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“Mr. Barkat – these are not ‘ghost’ apartments; actually they keep your city alive.”

An idea, like a ghost, must be spoken to a little before it will explain itself.
                                                                                                                Charles Dickens

Jerusalem’s rich and colorful folklore includes several interesting tales about the capital’s haunted houses and buildings. The Clal building on Jaffa street with its corpse in the foundations; the House of Death on Ben Maimon Street; The Health Ministry Building in Machane Yehuda. These are but a few of a list of properties where the ghosts of Jerusalem’s bleary past sojourn.

Jerusalem also has around 10,000 apartments, bought as investment properties by overseas buyers. Some of these are rented out, some are used as short-term rentals to supplement the shortage of hotel rooms. Some are used by their owners several times a year and lie empty for the rest of it.

The Mayor of Jerusalem, in an uncharacteristic populist act, is about to double city taxes on these properties. He has declared that “The addition of thousands of ghost apartments to the market will dramatically increase the supply of apartments available for rent by young people, and will lower rent prices in the city.”

Mr Mayor, I have news for you. Not one of the apartments which you name as “ghost” apartments will be rented to four students to share. Nor do the students want to rent these apartments. They can’t afford the city taxes on them let alone the rent.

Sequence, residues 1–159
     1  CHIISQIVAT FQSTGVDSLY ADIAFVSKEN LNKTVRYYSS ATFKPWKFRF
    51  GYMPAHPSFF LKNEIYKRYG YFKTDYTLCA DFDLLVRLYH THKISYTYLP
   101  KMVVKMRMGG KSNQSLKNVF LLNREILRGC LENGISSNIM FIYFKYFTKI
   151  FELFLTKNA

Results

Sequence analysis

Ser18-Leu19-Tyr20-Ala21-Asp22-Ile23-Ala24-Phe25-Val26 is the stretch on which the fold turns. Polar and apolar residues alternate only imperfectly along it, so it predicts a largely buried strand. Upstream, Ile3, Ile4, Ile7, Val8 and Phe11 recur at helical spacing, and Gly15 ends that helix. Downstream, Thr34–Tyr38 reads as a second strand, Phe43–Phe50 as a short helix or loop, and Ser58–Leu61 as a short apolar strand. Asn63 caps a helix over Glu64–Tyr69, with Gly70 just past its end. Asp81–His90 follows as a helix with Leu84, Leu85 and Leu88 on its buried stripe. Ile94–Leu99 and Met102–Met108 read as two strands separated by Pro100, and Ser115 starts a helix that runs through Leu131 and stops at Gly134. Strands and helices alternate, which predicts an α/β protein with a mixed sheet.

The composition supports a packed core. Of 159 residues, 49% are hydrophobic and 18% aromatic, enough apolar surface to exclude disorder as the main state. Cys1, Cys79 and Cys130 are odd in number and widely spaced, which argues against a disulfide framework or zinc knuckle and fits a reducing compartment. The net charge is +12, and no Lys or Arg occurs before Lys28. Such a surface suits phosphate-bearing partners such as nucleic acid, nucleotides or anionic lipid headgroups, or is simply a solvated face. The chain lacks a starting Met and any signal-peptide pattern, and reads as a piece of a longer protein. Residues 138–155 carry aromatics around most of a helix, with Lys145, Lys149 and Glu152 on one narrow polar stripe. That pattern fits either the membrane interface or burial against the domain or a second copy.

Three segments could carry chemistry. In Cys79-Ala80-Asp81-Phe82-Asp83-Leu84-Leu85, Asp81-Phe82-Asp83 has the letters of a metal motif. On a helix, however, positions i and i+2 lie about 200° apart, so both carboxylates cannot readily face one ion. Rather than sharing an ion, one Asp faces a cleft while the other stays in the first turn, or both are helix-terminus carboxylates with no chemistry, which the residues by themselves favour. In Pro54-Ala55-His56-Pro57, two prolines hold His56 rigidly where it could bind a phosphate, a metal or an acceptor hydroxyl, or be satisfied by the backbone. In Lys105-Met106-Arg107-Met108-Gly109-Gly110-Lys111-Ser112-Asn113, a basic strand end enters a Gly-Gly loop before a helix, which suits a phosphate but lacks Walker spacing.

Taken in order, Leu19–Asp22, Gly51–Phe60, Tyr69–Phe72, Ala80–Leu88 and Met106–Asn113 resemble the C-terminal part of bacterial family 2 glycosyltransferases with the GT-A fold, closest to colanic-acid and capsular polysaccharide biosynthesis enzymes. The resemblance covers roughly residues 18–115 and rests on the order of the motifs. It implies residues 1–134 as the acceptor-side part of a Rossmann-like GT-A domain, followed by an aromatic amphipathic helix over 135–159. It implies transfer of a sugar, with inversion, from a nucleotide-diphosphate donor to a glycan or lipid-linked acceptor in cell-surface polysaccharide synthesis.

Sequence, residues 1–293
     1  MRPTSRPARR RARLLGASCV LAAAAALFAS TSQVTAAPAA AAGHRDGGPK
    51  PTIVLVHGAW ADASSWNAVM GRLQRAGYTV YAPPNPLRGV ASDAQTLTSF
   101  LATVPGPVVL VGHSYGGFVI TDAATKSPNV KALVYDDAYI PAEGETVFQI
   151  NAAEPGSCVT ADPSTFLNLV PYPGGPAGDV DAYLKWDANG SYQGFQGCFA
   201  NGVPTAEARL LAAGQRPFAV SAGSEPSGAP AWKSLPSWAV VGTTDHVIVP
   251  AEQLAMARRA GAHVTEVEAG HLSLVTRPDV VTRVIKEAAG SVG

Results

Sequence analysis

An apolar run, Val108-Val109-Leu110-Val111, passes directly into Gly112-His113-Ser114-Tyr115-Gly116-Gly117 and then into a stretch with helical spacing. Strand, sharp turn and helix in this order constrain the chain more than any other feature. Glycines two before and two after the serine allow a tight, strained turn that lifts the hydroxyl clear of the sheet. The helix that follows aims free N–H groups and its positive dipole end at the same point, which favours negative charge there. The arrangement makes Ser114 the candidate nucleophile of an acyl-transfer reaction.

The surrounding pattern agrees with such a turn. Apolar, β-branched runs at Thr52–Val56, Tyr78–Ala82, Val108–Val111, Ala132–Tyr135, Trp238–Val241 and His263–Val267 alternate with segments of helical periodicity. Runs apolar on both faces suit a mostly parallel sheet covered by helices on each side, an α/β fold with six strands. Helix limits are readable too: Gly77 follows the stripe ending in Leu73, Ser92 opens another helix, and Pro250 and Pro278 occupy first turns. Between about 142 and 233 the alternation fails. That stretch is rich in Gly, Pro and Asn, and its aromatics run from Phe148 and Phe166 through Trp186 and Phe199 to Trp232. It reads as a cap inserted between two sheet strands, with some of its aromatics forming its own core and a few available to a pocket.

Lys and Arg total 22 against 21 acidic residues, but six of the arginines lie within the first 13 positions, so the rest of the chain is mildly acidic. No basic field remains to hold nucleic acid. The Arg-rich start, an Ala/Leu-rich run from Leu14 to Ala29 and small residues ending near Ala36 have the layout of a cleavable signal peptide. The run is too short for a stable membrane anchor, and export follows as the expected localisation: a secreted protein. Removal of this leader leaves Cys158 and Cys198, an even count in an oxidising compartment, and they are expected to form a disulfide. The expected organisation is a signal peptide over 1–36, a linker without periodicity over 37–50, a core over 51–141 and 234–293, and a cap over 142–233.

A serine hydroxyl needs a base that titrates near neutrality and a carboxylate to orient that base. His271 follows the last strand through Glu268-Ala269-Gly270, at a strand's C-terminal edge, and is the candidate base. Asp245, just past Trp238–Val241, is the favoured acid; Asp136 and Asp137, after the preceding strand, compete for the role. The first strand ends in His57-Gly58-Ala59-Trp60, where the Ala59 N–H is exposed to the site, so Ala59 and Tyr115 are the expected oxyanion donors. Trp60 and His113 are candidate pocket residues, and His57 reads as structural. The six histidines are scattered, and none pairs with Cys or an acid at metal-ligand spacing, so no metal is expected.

This new decree may, however, backfire. These very same investors are also coming four times a year and spending more money in the City of Jerusalem than does the average Israeli spend all year round. They are the same investors who are backing the City’s largest developments and invest in the City’s hi-tech hubs. Because they see Jerusalem as a second home and one close to their hearts.

Few cities in the world belong to the prestigious club of cities where foreigners want to own second homes. New York, London, Paris and Hong Kong are members of this elite; so is Jerusalem. There may be side effects to the local market, but these should be solved by building affordable homes in perimeter neighborhoods and providing suitable transportation to make these neighborhoods attractive.

It is no secret that the main hurdles to swift and efficient planning lay in the haunted corridors of The City Halls. If Safra Square would pay double Arnona for every unused or ineffectively used cubicle, how much would be raised towards affordable housing?